Federal prosecutors in Minnesota charged 28 people with cashing counterfeit checks using details from Instagram photos. The group obtained individual account numbers and bank routing information by searching hashtag #myfirstpaycheck, where people post photos of themselves holding their paychecks. "This case is representative of a recurring trend: the migration of traditional street criminals to white-collar fraud," U.S. Attorney Andrew Luger said. (CNN)

• Islamic clerics condemned "selfie fever" involving pilgrims taking pictures of themselves Mecca's holy sites. Their comments appeared in an article, "Say No to Hajj Selfie," which addressed the more than two million Muslims making the annual pilgrimage this October. "It is as though the only purpose of this trip is to take pictures and not worship," Sheikh Abdul Razzaq Al-Badr said, noting that the Prophet called for a pilgrimage without boasting or showing off. "And when they return home, they say: 'Come look at me, this is me on Arafat, this is me in Muzdalifah.'" (International Business Times)

Temper, Temper
Oklahoma authorities looking for Lofton Gray Jr., 31, in connection with the death of his girlfriend located him in a Gallup, N.M., hospital. New Mexico State Police said Gray was driving a stolen vehicle when he got involved in a road-rage incident and threw a crowbar at a driver, who then hit Gray with his vehicle. Authorities said Gray's injuries weren't life threatening. (Albuquerque's KRQE-TV)

When Guns Are Outlawed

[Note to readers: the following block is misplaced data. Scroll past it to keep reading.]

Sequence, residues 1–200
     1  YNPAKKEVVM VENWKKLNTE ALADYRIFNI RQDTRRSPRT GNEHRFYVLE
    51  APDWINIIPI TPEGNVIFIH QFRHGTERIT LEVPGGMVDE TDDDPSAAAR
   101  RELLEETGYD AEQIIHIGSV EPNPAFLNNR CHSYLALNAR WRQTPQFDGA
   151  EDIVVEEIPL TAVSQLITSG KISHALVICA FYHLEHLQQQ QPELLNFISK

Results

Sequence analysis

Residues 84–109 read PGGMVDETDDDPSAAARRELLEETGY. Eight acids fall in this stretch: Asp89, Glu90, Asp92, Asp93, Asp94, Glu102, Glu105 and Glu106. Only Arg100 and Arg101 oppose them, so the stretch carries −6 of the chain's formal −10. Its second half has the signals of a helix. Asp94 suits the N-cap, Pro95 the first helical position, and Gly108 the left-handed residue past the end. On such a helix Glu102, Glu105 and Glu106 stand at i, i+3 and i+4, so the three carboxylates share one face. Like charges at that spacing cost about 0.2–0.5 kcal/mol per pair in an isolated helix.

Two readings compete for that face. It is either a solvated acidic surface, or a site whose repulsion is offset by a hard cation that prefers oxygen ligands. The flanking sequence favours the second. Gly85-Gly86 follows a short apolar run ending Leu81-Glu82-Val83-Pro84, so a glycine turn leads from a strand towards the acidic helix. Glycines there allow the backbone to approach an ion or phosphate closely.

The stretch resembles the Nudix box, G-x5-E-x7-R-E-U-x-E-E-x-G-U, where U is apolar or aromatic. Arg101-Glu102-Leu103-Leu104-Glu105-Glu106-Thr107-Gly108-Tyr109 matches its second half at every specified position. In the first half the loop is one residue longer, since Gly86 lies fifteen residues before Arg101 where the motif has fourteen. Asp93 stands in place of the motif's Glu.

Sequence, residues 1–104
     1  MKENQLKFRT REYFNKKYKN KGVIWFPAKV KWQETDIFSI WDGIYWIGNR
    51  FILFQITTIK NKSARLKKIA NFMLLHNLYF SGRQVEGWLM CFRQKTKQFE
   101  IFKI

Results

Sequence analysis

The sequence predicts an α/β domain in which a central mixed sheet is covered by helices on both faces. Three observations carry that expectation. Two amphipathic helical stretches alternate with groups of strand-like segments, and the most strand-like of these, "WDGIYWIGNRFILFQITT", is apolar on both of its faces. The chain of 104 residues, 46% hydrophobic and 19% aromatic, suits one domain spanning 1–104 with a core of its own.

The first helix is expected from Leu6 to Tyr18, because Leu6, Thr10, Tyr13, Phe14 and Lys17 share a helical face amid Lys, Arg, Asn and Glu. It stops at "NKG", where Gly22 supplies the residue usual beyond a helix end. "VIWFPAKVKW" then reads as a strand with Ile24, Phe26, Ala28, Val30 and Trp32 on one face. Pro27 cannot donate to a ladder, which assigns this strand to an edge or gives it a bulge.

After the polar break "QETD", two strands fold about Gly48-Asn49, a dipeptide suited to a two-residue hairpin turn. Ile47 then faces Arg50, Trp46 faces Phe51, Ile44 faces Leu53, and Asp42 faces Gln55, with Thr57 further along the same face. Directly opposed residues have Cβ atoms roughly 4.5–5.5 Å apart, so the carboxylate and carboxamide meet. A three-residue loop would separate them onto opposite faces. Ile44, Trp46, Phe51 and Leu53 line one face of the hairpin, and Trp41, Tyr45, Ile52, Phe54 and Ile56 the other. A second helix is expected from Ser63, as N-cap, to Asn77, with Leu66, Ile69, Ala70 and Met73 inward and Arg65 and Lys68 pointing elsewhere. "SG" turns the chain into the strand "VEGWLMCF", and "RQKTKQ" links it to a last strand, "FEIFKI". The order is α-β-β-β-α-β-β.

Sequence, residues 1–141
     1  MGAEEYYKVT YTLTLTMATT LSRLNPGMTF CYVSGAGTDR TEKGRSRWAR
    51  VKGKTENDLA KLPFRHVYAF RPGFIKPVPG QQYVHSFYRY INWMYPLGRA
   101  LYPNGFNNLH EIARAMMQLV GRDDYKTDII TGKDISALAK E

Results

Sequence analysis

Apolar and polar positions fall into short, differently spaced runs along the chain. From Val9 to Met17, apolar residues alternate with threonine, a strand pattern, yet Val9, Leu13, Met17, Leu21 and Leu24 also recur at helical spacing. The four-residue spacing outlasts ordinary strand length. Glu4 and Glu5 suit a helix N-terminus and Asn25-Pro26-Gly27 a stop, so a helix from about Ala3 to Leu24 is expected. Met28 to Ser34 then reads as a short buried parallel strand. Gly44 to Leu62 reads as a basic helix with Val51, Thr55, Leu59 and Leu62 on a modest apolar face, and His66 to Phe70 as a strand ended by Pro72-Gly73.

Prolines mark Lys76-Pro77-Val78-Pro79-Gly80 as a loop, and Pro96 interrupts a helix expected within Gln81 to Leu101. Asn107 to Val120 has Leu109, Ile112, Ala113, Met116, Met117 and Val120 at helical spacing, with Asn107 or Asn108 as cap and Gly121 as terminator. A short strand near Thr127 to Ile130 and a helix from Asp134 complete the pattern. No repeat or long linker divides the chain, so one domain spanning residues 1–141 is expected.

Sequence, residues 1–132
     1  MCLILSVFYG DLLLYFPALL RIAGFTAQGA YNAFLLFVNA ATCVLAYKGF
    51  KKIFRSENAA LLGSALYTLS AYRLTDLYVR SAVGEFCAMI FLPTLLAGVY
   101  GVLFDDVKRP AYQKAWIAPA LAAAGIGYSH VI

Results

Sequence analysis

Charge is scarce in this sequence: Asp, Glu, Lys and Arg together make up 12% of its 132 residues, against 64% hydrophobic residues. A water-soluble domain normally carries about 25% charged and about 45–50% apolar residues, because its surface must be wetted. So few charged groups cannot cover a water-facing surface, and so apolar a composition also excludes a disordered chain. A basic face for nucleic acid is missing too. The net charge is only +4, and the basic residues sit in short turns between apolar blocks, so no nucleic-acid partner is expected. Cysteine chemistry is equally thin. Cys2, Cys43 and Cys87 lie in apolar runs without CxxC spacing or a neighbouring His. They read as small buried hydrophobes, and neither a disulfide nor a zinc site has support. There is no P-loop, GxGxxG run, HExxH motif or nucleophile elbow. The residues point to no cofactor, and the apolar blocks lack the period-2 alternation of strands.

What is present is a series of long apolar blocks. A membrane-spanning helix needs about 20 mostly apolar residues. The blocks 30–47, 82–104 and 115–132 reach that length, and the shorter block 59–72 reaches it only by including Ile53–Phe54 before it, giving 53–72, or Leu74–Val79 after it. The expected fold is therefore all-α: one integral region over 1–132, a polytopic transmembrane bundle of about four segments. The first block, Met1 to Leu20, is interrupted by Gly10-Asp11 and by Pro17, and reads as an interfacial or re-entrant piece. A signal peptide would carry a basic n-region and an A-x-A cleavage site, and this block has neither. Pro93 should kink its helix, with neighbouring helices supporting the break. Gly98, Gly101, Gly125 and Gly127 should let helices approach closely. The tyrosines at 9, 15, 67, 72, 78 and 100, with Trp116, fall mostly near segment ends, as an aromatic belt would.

A man broke into a home in Zephyrhills, Fla., and tried to sexually assault an 80-year-old woman, but she fought him off with her vacuum cleaner. Authorities said that when she ran for help, the suspect fled, taking the vacuum cleaner with him. (St. Petersburg's Bay News 9)

Silence Is Golden
The latest trend in resort amenities is silence. Hotels from luxury resorts to business-travel chains are marketing noise-free zones, triple-paned glass, soundproof walls, extra padding under carpets, door seals and TVs that won't exceed a certain volume. Some hotels offer digital detox packages that include locking guests' phones away for safekeeping. Other hotels are promoting activities designed specifically to slow guests down, tone down the noise and allow them to tune into their inner voice. "Everybody needs to try at least once to disconnect from their devices and to reconnect with their partner, wife or family," said Pascal Forotti, general manager of the Four Seasons Costa Rica. (Fortune and The Top Tier)

Frozen Assets
The latest food trend is artisanal ice. Joe Ambrose, founder of Favourite Ice, which supplies hand-chiseled frozen water to 30 restaurants and caterers in the Washington, D.C., area, said he filters minerals from tap water that make ice cloudy and then puts the water in a machine that turns out 200- to 300-pound clocks of crystal-clear ice. A band saw then cuts the blocks into 25-pound slabs or 2-inch cubes. Restaurants charge $1 or more per cube. The selling point, besides aesthetics, is that the larger cubes melt more slowly so they don't water down the drink. "If you're going to get a drink that's $15," Ambrose said, "it better have the best ice." (NPR)

Fire Power
A crematorium caught fire in Henrico, Va., while an employee was cremating a 500-pound body. "The body was so obese that the actual body fat came off and went straight up the stack," manager Jerry Hendrix said, and then "the grease hit the roof and started the fire." (Richmond's WWBT-TV)

Compiled from mainstream news sources by Roland Sweet. Authentication on demand.